"Leah Marcus's The Politics of Mirth: Jonson, Herrick, Milton, Marvell, and the Defense of Old Holiday Pastimes is a fascinating study of why James and Charles promoted some types of rural sport and festival and of how certain literary texts participated in promoting or critiquing royal policy. . . . Marcus provocatively links texts not often studied in conjunction with one another, and she provides strong and detailed readings of those texts."—Jean E. Howard
Recognizing that the seventeenth century's volatile debate over apocalyptic interpretation has since become a one-sided discussion, Esther Gilman Richey develops a context that recovers the dynamism so inherent in the writings of the period and provides illuminating details that enhance the prophetic continuum. The Politics of Revelation in the English Renaissance does not ignore the familiar prophetic verse of Spenser and Milton, but it significantly expands the scope of study by examining the interpretations of both men and women who represent a range of ecclesiastical and political perspectives.
Richey rejects Barbara Lewalski's claim that the radical, prophetic writers and metaphysical poets of the seventeenth century drew inspiration from distinct biblical models, the former from the Apocalypse and the latter from the Psalms. Instead she contends that even writers such as Donne and Herbert, whom we have long considered "literary," were in reality using their poetry to participate in the hottest debates of the time.
While the radical writers, such as Spenser and Milton, were immediately responsive to ecclesiastical and political controversies, the conservative, metaphysical poets—Donne, Herbert, and Vaughan—were posing equally politically charged questions: Is the pope Antichrist? Is the Bride of Christ pure? Is the Temple a model of ecclesiastical reform? The writers of the period did not move in divided and distinguished worlds, but in fact constantly responded to one another through poetic and politically charged dialogue.
By drawing from the writings of various individuals, both radical and conformist, male and female, Richey traces the shifting representations of the apocalyptic Bride and Temple over time. Organized chronologically, the chapters of The Politics of Revelation in the English Renaissance reveal the escalating debate among the pacifists, conformists, militants, and feminists. Not only does Richey uncover the prophetic dimension of conformist writers usually described as apolitical and devotional, but she also explores the writings of lesser-known women prophets: Aemilia Lanyer, Mary Cary, Anna Trapnel, and Margaret Fell. In such biblical passages as the apocalyptic "woman clothed with the sun," these early feminists find the authority for their own prophetic speech.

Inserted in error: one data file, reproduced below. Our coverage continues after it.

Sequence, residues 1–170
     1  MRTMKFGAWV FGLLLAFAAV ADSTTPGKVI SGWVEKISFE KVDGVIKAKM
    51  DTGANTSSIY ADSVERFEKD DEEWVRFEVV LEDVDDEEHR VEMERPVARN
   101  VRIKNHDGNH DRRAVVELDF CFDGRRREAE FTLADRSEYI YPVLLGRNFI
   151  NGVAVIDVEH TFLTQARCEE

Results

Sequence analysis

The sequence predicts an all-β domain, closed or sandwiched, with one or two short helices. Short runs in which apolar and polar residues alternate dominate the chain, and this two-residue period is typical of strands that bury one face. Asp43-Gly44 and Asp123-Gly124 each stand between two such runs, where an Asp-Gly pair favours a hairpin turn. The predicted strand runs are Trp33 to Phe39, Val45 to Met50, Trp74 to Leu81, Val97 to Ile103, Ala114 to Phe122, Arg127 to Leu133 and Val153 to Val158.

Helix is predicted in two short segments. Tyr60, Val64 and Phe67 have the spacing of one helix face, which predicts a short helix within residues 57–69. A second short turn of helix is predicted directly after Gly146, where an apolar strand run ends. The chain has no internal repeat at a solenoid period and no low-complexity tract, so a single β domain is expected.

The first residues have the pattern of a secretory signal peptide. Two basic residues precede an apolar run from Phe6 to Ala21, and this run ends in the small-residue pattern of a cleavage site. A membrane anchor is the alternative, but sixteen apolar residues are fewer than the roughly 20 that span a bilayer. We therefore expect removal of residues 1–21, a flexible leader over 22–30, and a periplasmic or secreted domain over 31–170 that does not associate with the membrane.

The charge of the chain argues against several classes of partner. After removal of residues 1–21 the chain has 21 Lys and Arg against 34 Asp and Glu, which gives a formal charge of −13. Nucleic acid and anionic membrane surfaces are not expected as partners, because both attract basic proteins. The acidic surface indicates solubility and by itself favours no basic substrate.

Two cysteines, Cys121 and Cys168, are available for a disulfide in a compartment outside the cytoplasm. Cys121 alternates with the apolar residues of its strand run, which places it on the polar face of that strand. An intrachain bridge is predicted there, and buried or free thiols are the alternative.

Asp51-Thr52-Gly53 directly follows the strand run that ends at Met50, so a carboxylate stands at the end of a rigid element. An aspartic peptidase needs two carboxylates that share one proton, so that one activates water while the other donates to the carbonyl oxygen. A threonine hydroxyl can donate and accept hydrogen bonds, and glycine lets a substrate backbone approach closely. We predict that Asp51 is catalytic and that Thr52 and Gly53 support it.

This provocative analysis—at once far-reaching and tightly focused—reveals the complexity of the apocalyptic discourse that transpired among Renaissance writers and poets.
The Pooh Perplex
Frederick Crews University of Chicago Press, 2003 Library of Congress PR6025.I65W65 2003 | Dewey Decimal 823.912
In this devastatingly funny classic, Frederick Crews skewers the ego-inflated pretensions of the schools and practitioners of literary criticism popular in the 1960s, including Freudians, Aristotelians, and New Critics. Modeled on the "casebooks" often used in freshman English classes at the time, The Pooh Perplex contains twelve essays written in different critical voices, complete with ridiculous footnotes, tongue-in-cheek "questions and study projects," and hilarious biographical notes on the contributors. This edition contains a new preface by the author that compares literary theory then and now and identifies some of the real-life critics who were spoofed in certain chapters.
King Lear is perhaps the most fierce and moving play ever written. And yet there is a curious puzzle at its center. The figure to whom Shakespeare gives more lines than anyone except the king—Edgar—has often seemed little more than a blank, ignored and unloved, a belated moralizer who, try as he may, can never truly speak to the play’s savaged heart. He saves his blinded father from suicide, but even this act of care is shadowed by suspicions of evasiveness and bad faith.